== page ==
Background: Although clinics for the evaluation of cognitive dysfunction have typically emphasized the detection and treatment of the reversible causes of dementia, it remains unclear whether the treatment of such causes results in reversal of the dementia. Therefore, the appropriate work-up for dementia is in dispute. Methods: A chart review was performed with records from an urban tertiary care referral-based memory clinic. The records for 196 patients with dementia or suspected dementia, seen between October 1991 and December 1993, were examined to determine the prevalence of potentially reversible dementias and whether the cognitive dysfunction improved or resolved after treatment. Data abstracted from the medical charts included demographic information, medication use, presence of depression, and results of neuropsychological tests, blood work and neuroimaging. The clinical diagnosis, the response to treatment, if applicable, and the outcome (mean follow-up period 16 months) were analysed. The recommendations of the 1989 Canadian Consensus Conference on the Assessment of Dementia (CCCAD) on the use of CT were retrospectively applied in each case. Results: Of the 196 patients, 45 (23.0%) had a potentially reversible condition identified by history, physical examination, blood testing or CT; in only 7 (3.6% of the total) did treatment result in improvement or resolution of the dementia. These 7 patients had higher results for the Mini-Mental State examination (mean result 26) and exhibited only mild cognitive deficits. Potentially reversible lesions were found in the CT scans of 6 (3.1%) patients: 4 had normal-pressure hydrocephalus and 2 had a brain tumour. If the CCCAD recommendations had been followed, CT would have been performed in 76 (38.8%) of the patients, and 1 of the 6 patients with a lesion would have been missed. interpretation: Both potential and actual reversibility of dementia was low in these memory clinic patients. The patients whose condition improved with intervention had early and milder cognitive deficits, which suggests that thorough evaluation of early memory loss is warranted.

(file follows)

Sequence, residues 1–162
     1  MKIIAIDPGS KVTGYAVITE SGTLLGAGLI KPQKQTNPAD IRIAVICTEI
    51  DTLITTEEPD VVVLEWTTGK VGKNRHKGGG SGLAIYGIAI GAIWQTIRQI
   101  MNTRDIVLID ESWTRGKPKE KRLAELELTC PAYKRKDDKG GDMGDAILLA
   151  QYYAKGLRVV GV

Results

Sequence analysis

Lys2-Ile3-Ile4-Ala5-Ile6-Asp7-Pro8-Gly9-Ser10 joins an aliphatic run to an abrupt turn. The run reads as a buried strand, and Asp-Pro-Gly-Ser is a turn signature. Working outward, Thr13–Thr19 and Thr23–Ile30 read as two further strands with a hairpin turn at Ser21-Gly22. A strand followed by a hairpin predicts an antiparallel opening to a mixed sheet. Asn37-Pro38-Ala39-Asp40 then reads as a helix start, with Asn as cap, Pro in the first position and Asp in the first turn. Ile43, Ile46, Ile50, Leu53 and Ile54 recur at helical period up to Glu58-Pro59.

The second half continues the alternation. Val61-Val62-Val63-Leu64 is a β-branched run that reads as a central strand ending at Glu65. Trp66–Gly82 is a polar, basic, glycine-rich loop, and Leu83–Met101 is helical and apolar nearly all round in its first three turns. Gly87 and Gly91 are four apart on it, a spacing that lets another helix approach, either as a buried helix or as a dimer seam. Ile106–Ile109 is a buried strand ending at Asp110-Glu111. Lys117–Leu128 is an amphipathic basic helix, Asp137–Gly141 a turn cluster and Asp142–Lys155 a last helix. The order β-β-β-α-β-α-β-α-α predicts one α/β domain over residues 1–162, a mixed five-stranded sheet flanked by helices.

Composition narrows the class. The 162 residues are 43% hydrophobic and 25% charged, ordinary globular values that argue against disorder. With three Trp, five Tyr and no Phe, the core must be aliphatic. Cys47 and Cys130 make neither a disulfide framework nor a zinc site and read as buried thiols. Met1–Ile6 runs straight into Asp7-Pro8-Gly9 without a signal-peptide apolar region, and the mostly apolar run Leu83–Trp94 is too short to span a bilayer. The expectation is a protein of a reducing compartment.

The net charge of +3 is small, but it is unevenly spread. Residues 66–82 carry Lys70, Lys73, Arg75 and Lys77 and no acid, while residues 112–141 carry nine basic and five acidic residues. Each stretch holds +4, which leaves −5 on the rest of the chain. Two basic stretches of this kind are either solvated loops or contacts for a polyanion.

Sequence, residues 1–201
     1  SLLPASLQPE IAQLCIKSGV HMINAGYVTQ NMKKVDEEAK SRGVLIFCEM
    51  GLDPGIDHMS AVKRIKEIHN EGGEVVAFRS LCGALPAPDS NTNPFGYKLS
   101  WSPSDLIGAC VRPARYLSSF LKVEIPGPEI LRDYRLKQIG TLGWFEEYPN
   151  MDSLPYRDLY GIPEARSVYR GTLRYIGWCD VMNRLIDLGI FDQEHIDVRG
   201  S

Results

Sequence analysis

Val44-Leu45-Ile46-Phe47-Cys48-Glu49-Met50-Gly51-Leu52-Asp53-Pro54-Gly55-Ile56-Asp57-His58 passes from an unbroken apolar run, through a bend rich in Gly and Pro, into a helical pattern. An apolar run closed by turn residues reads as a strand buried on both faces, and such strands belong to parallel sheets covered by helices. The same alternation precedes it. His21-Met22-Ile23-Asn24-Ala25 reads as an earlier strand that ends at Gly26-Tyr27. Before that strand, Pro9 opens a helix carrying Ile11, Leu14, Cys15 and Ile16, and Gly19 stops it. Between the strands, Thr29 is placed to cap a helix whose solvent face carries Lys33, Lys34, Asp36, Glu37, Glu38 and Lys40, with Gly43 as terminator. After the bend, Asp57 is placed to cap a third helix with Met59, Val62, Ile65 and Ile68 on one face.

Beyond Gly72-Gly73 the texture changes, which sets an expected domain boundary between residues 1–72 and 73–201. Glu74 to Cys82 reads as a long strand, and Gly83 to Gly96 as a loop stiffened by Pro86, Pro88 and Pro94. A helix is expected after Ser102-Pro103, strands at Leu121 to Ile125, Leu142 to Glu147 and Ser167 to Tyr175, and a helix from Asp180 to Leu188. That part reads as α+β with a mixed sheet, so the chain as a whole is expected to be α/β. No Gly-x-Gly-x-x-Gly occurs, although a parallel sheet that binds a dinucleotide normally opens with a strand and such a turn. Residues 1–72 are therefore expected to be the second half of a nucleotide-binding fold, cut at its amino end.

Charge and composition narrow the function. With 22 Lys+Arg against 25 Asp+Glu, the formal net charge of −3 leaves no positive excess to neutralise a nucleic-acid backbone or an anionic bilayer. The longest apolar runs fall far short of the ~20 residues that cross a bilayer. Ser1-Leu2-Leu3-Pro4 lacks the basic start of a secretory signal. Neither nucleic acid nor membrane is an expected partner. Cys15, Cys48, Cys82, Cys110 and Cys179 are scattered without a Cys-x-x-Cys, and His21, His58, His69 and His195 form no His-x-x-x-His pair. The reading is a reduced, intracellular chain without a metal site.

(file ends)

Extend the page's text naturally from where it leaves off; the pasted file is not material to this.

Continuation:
|Number of pages||6|
|State||Published - 22 Sep 1998|